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T H E A L A B A M A R E V I E W 236 Liberated Territory: Untold Perspectives on the Black Panther Party. Edited by Yohuru Williams and Jama Lazerow. Durham: Duke University Press, 2009. 303 pp. $84.95 (cloth). ISBN 978-0-8223-4343-1. $23.95 (paper). ISBN 978-0-8223-4326-4. Liberated Territory is organized around the premise that the key to understanding the Black Panther Party for Self-Defense (BPP)—the leading organization of the Black Power era—is understanding its “local incarnations.” Although headquartered in Oakland, California, the BPP had chapters and affiliates throughout the country that drew their membership from local populations and focused on solving local problems . According to editors Yohuru Williams and Jama Lazerow, this “local orientation” was the reason for the BPP’s grassroots appeal and was responsible for much of its success. Scholars, however, have tended to overlook this key organizational characteristic, choosing instead to center attention on politics and personalities in Oakland. In Liberated Territory Williams and Lazerow focus squarely on the BPP at the local level in an attempt to reorient BPP scholarship away from the national office and toward the party’s chapters and affiliates. Liberated Territory opens with a local story. In the introduction, Williams historicizes the BPP by looking at both the unique and shared experiences of Panthers in Omaha, Nebraska, from their early interaction with members of the Nation of Islam to their conflict with the police. The discussion prepares the reader for the historiographical essay that follows in chapter one, which offers a helpful periodization of the development of BPP scholarship. According to Lazerow and Williams, there have been four phases of BPP inquiry. The first began in 1968 and established the pattern of privileging the Oakland headquarters and national leaders. The second lasted from 1978 to 1987 and emphasized state repression . The third covered most of the 1990s and featured memoirs by ex-Panthers. And the final phase, which started in the late 1990s and continues to this day, has produced rich new histories of the organization as BPP scholars increasingly utilize rigorous historical research methods. The local studies resume in chapter two with Lazerow’s examination of the BPP in New Bedford, Massachusetts. Because place is central to any local study, Lazerow takes a long-view look at the city, drawing the readers’ attention to the sizeable minority of Cape Verdeans who played a key role in the city’s unique racial politics. When discussing these New England Panthers, Lazerow explains how Cape Verdeans, who tended to see themselves as something other than black, initially hindered but eventually helped the development of the chapter. He also highlights J U L Y 2 0 1 0 237 the important role that flagship regional chapters, such as the Boston chapter, played in the formation and operation of remote chapters. Robert W. Widell Jr. turns the readers’ attention to the South with his chapter on the Birmingham-based Alabama Black Liberation Front (ABLF), a BPP affiliate whose members looked to the Panthers for inspiration . Widell makes several important points. He demonstrates that black protest in Birmingham did not stop after the 1963 desegregation campaign, but continued into the Black Power era as African Americans organized against housing discrimination, poverty, and police brutality. He also makes clear that the BPP had a concrete organizing program, but that legal battles, born of constant government harassment, reduced the program’s effectiveness by consuming vital resources and energy. The rise and fall of the BPP in Detroit, the subject of chapter four, includes a fascinating look at the BPP underground, whose clandestine activities remain shrouded in mystery. Through archival research and oral histories, Ahmad A. Rahman explains that the Panthers turned to armed resistance at specific moments and waged their armed struggle while organizing social programs. He reveals that they were not simply the victims of government harassment; they also took offensive action designed to neutralize the police who, in their view, had declared war on them. In addition, he offers tremendous insight into the ideological underpinnings of their armed campaign, as well as a thoughtful assessment of...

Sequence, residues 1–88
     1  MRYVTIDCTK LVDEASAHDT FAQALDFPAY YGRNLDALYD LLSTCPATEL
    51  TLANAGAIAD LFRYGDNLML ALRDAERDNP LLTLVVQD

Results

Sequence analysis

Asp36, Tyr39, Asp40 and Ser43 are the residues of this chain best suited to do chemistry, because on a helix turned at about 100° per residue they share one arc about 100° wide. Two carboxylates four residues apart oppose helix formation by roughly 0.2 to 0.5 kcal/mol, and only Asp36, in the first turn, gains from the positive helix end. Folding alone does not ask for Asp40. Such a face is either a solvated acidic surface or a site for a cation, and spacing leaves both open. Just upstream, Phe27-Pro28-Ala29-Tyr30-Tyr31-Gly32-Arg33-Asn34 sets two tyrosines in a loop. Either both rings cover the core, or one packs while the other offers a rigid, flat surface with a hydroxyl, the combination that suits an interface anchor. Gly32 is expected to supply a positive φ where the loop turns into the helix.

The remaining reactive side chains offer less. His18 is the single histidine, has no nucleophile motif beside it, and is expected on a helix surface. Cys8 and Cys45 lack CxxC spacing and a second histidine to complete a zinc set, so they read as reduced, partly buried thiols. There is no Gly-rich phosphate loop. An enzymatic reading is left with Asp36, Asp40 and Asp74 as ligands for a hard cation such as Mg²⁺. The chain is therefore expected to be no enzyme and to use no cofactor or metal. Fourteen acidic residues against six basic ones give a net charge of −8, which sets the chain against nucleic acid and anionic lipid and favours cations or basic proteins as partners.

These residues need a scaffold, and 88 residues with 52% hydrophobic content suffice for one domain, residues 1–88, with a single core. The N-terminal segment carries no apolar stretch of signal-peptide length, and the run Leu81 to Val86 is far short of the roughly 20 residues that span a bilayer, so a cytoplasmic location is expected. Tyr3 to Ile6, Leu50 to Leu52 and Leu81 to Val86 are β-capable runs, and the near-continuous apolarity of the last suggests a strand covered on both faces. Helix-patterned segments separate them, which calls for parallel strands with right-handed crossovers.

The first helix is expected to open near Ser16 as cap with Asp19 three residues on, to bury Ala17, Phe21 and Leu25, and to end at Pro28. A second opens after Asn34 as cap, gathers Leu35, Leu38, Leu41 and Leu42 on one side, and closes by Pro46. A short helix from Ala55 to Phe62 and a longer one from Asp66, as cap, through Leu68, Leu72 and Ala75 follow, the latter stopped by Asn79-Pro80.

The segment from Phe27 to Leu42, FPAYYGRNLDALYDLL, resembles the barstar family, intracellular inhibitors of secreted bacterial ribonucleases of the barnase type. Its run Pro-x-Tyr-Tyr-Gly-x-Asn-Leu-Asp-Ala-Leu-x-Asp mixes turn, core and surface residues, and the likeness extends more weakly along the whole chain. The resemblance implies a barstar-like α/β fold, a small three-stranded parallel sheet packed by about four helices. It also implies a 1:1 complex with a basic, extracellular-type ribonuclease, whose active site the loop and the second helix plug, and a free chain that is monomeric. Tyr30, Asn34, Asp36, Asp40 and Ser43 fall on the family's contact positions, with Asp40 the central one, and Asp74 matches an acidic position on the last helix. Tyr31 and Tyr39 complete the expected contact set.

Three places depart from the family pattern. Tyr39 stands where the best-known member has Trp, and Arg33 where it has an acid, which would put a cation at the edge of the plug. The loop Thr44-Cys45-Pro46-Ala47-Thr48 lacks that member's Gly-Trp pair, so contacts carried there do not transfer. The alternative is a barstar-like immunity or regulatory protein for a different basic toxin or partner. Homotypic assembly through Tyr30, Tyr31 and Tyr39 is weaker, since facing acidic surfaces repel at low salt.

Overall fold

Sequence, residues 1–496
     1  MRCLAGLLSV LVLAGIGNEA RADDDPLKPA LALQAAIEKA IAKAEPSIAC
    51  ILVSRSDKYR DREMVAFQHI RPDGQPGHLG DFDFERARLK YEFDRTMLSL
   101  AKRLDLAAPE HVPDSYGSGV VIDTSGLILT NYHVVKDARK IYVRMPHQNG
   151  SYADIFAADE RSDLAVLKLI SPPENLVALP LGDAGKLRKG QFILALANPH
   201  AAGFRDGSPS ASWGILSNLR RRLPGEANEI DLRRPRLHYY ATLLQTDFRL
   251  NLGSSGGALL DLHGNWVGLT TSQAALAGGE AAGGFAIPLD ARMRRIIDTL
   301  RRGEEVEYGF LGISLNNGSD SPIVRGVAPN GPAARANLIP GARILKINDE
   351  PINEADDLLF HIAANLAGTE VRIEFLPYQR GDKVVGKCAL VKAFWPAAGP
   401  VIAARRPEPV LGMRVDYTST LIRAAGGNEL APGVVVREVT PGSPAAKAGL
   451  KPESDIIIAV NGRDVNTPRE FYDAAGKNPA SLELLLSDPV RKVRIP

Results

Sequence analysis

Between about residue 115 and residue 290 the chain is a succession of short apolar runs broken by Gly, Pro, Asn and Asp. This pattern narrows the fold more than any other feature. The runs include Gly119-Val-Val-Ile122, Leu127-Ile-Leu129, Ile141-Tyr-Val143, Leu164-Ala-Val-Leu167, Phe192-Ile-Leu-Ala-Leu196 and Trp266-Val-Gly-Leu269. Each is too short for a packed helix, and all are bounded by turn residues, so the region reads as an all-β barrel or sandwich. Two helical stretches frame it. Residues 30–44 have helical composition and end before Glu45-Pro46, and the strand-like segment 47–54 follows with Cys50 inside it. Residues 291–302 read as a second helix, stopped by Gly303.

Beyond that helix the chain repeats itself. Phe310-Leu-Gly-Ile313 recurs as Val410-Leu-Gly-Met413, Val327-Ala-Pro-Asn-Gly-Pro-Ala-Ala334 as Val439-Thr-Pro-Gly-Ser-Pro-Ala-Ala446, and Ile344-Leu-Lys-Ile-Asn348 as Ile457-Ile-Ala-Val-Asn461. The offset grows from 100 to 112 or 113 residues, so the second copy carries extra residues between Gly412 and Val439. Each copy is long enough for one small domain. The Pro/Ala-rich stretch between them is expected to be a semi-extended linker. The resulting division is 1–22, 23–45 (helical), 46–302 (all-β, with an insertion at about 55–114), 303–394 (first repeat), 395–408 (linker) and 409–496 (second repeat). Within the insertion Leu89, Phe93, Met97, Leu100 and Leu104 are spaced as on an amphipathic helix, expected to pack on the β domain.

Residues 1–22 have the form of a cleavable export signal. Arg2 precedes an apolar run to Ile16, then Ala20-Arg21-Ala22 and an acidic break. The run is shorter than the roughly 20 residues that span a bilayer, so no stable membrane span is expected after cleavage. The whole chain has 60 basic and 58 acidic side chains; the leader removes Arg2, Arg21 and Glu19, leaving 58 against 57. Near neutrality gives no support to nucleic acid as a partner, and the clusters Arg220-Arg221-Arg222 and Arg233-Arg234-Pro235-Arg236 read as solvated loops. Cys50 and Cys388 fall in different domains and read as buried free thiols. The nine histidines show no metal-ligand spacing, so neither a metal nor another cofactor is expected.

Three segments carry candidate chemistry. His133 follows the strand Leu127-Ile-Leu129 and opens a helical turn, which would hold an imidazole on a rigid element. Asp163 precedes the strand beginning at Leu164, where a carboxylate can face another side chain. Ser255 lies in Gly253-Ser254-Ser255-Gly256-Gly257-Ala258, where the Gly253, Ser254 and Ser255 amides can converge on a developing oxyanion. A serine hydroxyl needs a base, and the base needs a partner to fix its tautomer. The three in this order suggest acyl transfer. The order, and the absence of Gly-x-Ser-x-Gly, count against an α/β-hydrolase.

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pp. 236-237
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